Landon Peck

The winner of the Henry Rothschild Ceramic Bursary in 2014 was Landon Peck.

Landon Peck's work

I am drawn to working with clay because of the almost unruly characteristic of ceramic alchemy. As much as I strive to control its transformation, clay is almost always unpredictable. Every firing produces a result from which I learn and record, providing fresh discoveries and, frequently, another mystery. It is this enigmatic quality of clay and its constituents that transfixes me.

Beyond its inherent physical properties, clay is also an effective metaphor. For me it represents complex human motivations and preoccupations: eternal conflicts, the impulse to question, understand, adjust, review, evaluate, reform, and resolve. It symbolises our changeable dispositions. As much as we may strive, through education and preparation, to exert agency and control over what lies before us, clay teaches us that this can only ever be partial. Its final articulation after firing is often, while not necessarily unsatisfying, unexpected.

Landon Peck's workThis provides an effective analogy for the cycle of transitions we go through in life – our rites of passage. My journey with clay – from formulating my initial intentions to their final manifestation – is an exploration of the physical and formal, but also the metaphysical. It is a relationship with matter that I find compelling.

The first creative project I undertook after being awarded the Henry Rothschild Ceramic Bursary was in collaboration with AbbVie Pharmaceuticals, raising awareness of hepatitis C. Art, Liver Disease and Me involved interviewing and working with Max, who had unknowingly lived with the disease for almost 20 years.

As someone who also lives with stigmatised conditions (HIV and diabetes), I was able to empathise with him and exchange in a very real way. Max’s struggle to accommodate a traumatic diagnosis, self-perception, its life-long health implications, adjustment, depression and the stigmas typically associated with such diseases and disabilities paralleled mine. The three-month project and resulting work, I’ll Take The Blue Pill, catalysed a renewed interest in ceramics as a vernacular that can embody social preoccupations and promote awareness of them.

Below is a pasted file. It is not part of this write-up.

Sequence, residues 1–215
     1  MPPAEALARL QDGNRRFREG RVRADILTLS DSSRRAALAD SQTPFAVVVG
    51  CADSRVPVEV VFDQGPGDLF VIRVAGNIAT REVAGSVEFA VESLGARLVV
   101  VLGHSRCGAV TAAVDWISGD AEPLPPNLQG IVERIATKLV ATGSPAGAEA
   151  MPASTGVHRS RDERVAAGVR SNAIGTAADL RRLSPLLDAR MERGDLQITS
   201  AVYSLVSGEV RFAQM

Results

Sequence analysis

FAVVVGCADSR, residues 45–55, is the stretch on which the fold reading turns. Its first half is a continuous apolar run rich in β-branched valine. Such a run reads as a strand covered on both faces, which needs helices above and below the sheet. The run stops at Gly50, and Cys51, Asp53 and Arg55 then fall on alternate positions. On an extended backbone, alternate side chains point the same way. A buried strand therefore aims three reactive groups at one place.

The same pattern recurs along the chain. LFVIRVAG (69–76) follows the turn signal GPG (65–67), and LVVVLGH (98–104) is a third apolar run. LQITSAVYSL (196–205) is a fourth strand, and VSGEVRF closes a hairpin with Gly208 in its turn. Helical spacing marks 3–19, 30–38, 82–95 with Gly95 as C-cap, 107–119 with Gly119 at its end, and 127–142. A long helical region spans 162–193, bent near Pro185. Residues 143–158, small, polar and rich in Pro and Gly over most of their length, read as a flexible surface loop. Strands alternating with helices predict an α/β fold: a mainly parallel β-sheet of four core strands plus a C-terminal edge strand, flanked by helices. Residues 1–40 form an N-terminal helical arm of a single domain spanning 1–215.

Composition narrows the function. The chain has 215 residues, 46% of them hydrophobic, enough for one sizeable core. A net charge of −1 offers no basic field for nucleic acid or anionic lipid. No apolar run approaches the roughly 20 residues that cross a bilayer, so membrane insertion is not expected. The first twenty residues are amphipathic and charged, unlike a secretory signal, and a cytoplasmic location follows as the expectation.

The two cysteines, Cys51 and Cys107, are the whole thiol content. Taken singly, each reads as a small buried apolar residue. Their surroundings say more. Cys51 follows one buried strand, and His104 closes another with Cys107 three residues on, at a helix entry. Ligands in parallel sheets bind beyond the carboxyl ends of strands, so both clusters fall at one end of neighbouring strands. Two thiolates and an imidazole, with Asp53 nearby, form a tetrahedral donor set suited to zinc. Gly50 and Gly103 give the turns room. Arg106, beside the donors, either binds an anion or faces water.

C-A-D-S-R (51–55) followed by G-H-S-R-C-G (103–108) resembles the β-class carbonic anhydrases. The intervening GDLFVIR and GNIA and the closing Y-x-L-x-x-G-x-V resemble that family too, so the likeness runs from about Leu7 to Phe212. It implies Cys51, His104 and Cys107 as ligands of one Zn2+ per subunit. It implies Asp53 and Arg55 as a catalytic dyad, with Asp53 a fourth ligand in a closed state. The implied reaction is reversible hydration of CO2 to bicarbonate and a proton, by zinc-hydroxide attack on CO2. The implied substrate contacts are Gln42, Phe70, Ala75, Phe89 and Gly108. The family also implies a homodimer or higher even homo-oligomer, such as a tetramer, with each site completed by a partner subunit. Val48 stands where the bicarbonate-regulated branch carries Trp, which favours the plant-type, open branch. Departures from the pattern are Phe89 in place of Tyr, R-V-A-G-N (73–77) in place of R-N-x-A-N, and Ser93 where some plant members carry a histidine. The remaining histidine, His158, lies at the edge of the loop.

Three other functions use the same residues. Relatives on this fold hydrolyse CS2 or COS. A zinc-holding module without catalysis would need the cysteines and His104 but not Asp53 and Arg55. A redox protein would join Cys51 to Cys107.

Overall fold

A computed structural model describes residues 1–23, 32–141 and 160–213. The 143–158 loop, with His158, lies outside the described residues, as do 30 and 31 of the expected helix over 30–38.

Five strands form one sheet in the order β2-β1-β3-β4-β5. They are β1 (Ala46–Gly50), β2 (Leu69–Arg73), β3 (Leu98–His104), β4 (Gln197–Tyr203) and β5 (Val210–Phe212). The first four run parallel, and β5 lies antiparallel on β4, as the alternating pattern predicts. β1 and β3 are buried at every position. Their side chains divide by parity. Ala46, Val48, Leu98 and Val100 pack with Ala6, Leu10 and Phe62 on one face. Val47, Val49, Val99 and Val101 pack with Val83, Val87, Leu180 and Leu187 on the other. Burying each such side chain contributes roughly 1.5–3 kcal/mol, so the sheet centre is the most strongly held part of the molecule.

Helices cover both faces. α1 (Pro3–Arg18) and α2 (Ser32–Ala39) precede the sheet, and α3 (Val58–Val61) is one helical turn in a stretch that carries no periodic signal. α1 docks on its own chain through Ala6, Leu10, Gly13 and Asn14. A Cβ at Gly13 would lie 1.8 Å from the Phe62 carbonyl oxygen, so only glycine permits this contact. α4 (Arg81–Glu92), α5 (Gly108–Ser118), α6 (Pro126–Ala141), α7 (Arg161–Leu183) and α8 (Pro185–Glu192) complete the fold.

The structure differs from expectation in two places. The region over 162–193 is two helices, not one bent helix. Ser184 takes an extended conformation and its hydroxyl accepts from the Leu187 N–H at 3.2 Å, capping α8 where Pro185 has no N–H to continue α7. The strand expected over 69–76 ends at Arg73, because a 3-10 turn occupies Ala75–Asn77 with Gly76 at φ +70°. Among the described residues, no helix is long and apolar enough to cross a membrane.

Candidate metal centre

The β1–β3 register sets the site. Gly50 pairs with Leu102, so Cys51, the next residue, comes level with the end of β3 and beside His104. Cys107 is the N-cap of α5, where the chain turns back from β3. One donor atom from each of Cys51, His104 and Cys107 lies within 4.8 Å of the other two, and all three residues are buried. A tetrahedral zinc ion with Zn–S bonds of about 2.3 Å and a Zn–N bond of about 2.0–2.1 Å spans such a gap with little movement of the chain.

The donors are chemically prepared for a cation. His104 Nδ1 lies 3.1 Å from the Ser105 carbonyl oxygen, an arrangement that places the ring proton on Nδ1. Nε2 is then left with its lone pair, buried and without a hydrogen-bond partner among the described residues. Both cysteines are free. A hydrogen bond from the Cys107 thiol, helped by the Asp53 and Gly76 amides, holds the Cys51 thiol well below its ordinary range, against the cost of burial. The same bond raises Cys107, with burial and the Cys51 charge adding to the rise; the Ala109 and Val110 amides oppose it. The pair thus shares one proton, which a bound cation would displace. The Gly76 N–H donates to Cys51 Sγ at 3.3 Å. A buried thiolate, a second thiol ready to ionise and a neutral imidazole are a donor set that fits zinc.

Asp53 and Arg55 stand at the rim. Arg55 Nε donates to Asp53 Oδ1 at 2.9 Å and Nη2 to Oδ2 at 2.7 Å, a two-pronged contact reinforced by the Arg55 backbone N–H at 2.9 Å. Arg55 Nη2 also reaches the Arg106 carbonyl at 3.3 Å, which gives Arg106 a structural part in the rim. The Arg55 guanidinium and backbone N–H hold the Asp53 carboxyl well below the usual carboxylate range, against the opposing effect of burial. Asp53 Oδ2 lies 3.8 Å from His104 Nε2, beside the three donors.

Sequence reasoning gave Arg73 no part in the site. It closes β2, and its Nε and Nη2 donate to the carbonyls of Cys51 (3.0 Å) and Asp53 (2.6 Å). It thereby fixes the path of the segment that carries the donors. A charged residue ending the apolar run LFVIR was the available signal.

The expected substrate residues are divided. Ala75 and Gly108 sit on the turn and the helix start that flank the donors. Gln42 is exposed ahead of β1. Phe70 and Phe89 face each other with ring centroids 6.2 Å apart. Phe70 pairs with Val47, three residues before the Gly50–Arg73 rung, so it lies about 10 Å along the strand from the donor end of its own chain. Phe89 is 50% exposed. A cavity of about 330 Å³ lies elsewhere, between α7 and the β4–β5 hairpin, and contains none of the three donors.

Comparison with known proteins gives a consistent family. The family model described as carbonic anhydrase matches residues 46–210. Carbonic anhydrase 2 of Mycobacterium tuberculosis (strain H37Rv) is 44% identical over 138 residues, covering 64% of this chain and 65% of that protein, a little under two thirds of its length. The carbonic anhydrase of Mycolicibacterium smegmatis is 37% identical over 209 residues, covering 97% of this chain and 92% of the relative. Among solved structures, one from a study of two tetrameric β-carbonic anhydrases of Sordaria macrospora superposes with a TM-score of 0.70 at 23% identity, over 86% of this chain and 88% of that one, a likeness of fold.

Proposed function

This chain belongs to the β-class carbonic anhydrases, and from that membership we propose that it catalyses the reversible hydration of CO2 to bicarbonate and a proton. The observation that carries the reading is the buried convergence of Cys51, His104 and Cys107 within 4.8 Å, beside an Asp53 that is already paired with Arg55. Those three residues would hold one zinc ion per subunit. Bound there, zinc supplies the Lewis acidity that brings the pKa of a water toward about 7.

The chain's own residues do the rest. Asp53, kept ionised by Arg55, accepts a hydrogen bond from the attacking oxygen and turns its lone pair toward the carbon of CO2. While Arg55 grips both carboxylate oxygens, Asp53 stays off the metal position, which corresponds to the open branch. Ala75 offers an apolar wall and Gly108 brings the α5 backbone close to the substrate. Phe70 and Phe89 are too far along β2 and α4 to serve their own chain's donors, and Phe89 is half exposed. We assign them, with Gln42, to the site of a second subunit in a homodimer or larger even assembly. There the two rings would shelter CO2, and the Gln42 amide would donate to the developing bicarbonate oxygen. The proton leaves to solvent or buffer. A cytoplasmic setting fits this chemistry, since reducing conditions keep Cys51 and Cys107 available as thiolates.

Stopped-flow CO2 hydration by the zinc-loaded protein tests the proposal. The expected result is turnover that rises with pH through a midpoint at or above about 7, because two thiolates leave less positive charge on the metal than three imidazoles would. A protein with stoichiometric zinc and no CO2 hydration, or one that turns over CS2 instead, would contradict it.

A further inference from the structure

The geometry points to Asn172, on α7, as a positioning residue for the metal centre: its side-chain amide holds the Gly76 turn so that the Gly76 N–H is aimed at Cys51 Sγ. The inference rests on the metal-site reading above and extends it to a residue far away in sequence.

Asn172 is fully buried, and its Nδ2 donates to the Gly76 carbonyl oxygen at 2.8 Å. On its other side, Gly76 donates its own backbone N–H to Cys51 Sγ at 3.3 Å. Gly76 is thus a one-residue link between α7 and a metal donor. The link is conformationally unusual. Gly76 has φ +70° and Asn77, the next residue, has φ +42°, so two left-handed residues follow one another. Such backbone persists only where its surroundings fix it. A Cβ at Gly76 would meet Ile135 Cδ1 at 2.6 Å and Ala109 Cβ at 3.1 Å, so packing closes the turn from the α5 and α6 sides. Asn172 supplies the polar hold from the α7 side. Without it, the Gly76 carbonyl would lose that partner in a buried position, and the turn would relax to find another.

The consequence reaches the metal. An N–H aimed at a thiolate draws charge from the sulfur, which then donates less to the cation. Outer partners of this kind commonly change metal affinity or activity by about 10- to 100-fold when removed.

Landon Peck's workThe Bursary subsequently enabled and facilitated a two-year research project investigating a process of casting medium to large dense ceramic structures using a disposable armature system. Unsolid Matter is a new body of work that emerged from my research, and was inspired by human anatomy, its architecture, inherent strength, frailty and propensity to cope with change. Unsolid Matter is a series of seemingly solid, geometric matrix forms composed of hundreds of bone china capillaries, cast within a controlled environment (the mould itself) but which then distort and reshape when fired. Brittle but fragile to the touch, they represent the physical and mental anxieties associated with the human body.

Receiving a Henry Rothschild Ceramic Bursary has been transformative. It made possible research and making that led to several significant bodies of work of a sophistication and complexity that I could not have achieved otherwise. It has, in addition, facilitated professional development and an enduring relationship with the University of Hertfordshire.

Landon Peck's workWith the endorsement of the Henry Rothschild Ceramic Bursary, I successfully applied to the University’s AA2A programme to realise the project that led to Unsolid Matter. Through AA2A I was able to work closely with undergraduates on their own projects, as well as my own. Having demonstrated my knowledge, and technical and communication skills, I went on to be offered the position of Ceramics Tutor on the University’s Design Crafts programme. I still hold this post, which continues to provide me with a livelihood and an inspiring and thought-provoking workplace.

I cannot thank the trustees of the Bursary enough for the many positive ways in which receiving a Henry Rothschild Ceramic Bursary has impacted on my life and enhanced my creative practice.

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